the
 parallels.
 When
 life
 heats
 up,
 and
 we
 have
 a
 “melt‐down”,
 it
 is
 very

easy
to
start
conforming
to
patterns
of
thought
and
behavior
that
run
counter
to

the
ways
of
the
Lord.
Anger,
bitterness,
despair,
resentment
begin
to
shape
us,
and

before
 long,
 that’s
 what
 we
 look
 like.
 When
 we
 get
 cut
 deeply
 enough,
 or
 when

we’ve
 been
 scored
 over
 and
 over
 again
 by
 painful
 things,
 patterns/shapes
 start

appearing
on
our
soul.
Before
long,
certain
self‐hating
and
other‐blaming
thoughts

cycle
 endlessly
 in
 our
 minds,
 and
 instead
 of
 dismissing/repenting
 of
 them,
 we

allow
 them
 to
 become
 our
 focus.
 In
 our
 inner
 being,
 an
 image
 comes
 more
 and

more
into
focus…and
it
isn’t
His!


A
 catechism
 of
 worship
 carves
 mental
 and
 emotional
 grooves
 that
 become,
 like

well‐worn
 ruts,
 the
 primary
 patterns
 by
 which
 we
 end
 up
 living.
 Consumed
 by

these
thoughts,
it
is
as
though
we
become
trapped
inside
the
idol,
peering
out
at

the
 world
 through
 its
 “sight‐less”
 vantage
 point
 and
 perspective.


Daniel
A.
Brown,
PhD
 ctw.coastlands.org

10


History
lessons
bore
most
students—especially
when
teachers
simply
list
long‐ago

dates
and
names
of
far‐off
places
that
have
little
relevance
to
today’s
world.
Who

really
 cares
 when
 (or
 where)
 the
 Crimean
 War
 pitted
 an
 Anglo‐French
 alliance

against
 Tsarist
 forces,
 or
 why
 the
 famed
 “Charge
 of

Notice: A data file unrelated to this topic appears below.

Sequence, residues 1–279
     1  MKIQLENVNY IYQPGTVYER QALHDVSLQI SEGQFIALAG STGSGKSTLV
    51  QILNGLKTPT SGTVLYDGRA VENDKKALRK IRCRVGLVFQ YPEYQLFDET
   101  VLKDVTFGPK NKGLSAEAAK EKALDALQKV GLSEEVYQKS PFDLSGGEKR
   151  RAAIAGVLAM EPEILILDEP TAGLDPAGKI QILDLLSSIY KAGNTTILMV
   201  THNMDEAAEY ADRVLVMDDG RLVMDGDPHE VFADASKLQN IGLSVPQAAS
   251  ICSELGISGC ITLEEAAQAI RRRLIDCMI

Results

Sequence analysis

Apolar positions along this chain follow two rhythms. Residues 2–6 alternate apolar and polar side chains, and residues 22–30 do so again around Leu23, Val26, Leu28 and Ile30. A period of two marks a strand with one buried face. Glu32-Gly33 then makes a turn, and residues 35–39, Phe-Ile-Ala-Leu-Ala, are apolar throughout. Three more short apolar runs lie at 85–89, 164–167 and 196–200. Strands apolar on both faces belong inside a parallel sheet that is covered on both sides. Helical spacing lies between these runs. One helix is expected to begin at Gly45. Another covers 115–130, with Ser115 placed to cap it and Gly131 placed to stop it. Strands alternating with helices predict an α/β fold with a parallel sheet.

the
 Light
 Brigade”
 ended
 so

disastrously?
Basically,
no
one!


But
when
a
seasoned
river‐guide
relates
the
story
of
a
catastrophic
spill
from
a
raft

that
took
place
years
ago
when
white‐water
thrill‐seekers
steered
too
close
to
the

outcropping
on
the
south
side
of
the
river,
we
pay
attention—especially
when
we

find
 ourselves
 on
 the
 south,
 near
 that
 very
 finger
 or
 stone
 jutting
 from
 the
 grey

granite!
 When
 the
 reports
 of
 brake
 problems
 in
 certain
 model
 cars
 (i.e.,
 a
 model

we
 own)
 exceed
 the
 proportions
 of
 chance
 and
 coincidence,
 the
 manufacturer

recalls
 those
 automobiles
 to
 fix
 the
 flaw;
 it
 would
 be
 foolish
 to
 say
 to
 ourselves,

“My
car
is
different,
and
I
don’t
think
the
problem
will
happen
to
me.”


These
 are
 cases
 where
 other
 people’s
 history
 has
 much
 to
 say
 about
 our

present/future.
 The
 books
 of
 the
 OLD
 TESTAMENT
 are
 much
 like
 that
 kind
 of

history.
 They
 relate
 instructive
 episodes
 of
 times
 and
 people
 past,
 but
 the
 stories

contain
lots
and
lots
of
guidance
and
warning
for
us
in
the
21st
Century.
Without

disregarding
 the
 actual
 historic
 events
 and
 situations,
 we
 can
 find
 helpful

explanations
 and
 suggestions.
 Realizing,